Letter from refugees: We thought the nightmare was over

November 13, 2011
Rohingya refugees apprehended by the Thai navy in 2009. Photo: Royal Thai Navy

Open Letter from three prolonged Burmese detainees in Australian detention call for humanitarian intervention

Call for humanitarian intervention

We are recognised refugees of Burma. Our ethnic minority is unknown to the world, yet is one of the most oppressed minority group in Burma, the sole ethnic who has been declined any rights for an identity. We are de-facto stateless. Remember our race: we are Rohingyas.

It was out of ultimate survival that we embark in a boat hoping for Australian protection and mercy. The trip was promising pain and potentially death but it was far better than continuing enduring abuses and extreme violations of human rights in the countries of transit. Although we had refugee status in Malaysia, Malaysia was never better than Burma for our people.

As we hope for a life that we never had the right to have, a safe land that we never walked on, where we could breath without fear, we remained locked in Australian detention until May 2010, when we were finally confirmed as refugee.

We thought the end of life of nightmare was over and we would born as new man. Yet we were kept in detention. The process of our case was not over and required security clearance by ASIO, the Australian Security Intelligence Organisation.

Two years have passed since our arrival in Australia and yet we remained detained. Although our physical health was maintained by constant check, our mental health has been severely affected as a consequence of the injustice of our mandatory detention.

We have a strong feeling of indirect discrimination and unfair treatment in processing our cases while both the Department of Immigration and Citizenship and ASIO uphold proper schedules which complete every process of asylum claim within 90 days with respect and dignity for the vast priority groups.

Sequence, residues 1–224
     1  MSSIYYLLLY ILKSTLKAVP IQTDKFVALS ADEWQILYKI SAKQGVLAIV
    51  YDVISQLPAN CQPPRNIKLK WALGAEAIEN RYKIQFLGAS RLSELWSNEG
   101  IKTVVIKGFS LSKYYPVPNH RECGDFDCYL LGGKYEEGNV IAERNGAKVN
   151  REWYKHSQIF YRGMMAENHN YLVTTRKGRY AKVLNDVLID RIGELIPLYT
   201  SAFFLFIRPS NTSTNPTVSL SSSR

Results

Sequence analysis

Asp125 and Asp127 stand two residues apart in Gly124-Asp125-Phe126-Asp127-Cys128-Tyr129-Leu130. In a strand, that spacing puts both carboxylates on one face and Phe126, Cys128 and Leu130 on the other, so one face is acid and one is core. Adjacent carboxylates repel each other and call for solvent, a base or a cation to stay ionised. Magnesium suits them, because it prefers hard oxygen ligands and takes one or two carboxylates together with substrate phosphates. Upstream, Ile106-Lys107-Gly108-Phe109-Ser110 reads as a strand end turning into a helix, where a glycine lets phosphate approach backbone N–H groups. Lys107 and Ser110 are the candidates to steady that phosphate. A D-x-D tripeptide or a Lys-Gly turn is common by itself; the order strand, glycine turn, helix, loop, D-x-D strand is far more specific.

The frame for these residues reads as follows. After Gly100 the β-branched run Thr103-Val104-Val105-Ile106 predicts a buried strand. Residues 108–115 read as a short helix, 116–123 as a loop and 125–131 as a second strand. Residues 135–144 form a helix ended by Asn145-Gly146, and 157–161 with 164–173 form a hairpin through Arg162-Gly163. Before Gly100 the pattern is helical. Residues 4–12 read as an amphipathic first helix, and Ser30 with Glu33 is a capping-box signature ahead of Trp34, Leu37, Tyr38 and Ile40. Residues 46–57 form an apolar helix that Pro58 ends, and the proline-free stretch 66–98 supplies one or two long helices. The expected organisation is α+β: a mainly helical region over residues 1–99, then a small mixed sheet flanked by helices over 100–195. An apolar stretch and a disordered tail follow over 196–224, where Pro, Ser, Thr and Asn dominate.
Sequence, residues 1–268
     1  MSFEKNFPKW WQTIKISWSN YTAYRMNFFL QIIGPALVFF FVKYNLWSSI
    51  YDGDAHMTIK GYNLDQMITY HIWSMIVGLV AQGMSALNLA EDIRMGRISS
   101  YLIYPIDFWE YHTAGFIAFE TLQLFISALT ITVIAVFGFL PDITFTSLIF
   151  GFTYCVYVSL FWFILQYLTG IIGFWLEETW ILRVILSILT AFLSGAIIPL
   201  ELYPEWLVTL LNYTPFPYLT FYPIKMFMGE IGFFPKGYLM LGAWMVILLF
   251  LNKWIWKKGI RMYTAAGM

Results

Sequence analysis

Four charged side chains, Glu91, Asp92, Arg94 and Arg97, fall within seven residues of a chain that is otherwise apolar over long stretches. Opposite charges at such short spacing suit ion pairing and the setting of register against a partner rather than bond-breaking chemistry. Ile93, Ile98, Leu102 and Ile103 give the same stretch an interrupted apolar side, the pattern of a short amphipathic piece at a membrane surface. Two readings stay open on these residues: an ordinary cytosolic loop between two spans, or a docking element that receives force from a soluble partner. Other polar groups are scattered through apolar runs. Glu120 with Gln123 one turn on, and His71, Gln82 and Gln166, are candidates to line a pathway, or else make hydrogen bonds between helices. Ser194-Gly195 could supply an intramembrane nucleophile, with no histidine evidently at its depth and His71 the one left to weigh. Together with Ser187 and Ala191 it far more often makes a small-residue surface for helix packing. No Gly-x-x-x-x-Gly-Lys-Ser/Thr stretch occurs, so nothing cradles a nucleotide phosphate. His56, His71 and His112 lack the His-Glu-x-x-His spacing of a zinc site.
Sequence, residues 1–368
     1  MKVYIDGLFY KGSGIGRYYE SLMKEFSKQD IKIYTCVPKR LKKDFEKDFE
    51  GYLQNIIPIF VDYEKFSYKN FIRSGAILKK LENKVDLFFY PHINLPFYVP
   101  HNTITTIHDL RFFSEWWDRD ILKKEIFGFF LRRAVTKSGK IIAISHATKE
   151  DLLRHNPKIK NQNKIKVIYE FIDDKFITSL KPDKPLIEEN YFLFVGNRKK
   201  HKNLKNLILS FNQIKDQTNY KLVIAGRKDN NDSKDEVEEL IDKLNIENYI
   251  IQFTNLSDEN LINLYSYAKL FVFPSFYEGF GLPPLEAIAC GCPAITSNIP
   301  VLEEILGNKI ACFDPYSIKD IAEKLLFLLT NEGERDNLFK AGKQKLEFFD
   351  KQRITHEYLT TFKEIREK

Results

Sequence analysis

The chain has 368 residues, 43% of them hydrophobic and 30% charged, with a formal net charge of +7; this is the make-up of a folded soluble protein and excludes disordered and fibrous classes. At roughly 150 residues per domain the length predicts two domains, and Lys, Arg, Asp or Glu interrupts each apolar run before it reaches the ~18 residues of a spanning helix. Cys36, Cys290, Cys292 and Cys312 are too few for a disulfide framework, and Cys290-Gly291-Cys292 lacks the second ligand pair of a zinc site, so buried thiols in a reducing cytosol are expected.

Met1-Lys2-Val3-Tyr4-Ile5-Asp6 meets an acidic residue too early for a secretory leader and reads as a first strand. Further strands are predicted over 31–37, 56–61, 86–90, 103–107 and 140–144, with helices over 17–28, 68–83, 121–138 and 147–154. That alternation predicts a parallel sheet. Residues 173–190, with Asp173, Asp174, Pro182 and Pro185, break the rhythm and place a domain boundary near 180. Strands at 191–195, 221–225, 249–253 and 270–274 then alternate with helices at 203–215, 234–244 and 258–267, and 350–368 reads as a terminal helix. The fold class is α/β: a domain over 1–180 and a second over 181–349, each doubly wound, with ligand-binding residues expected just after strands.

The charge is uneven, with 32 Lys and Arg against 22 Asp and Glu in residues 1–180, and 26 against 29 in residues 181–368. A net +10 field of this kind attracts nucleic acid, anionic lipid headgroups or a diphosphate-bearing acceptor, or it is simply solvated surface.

After a long wait of two years, we have been given a rejection letter as negative security assessment under Australian Security Act 1979-section(4) that stated to find a third country. This news has devastated us.

Why have we been rejected? What sort of security threat are we considered as? Rohingyas are terrorised by the military junta and there are no links that we know of to any terror organisation. Our minority is surviving and we , as part of this community have also spend each day of our life trying to survive.

We have no alternative or way to appeal to this decision as our stateless and illegal status in Australia does not provide us any legal ground. Although we are in Australia, we have no access to Justice to defend our case and we are left languishing in unlawful detention for unlimited period ahead of us.

Our full life in detention ahead. We are also not allowed to be placed into an alternative and softer detention like community detention and we are continuously placed in tight security were we are submitted to tempestuous intimidations although we are not criminal, just normal citizen of the world like most of you.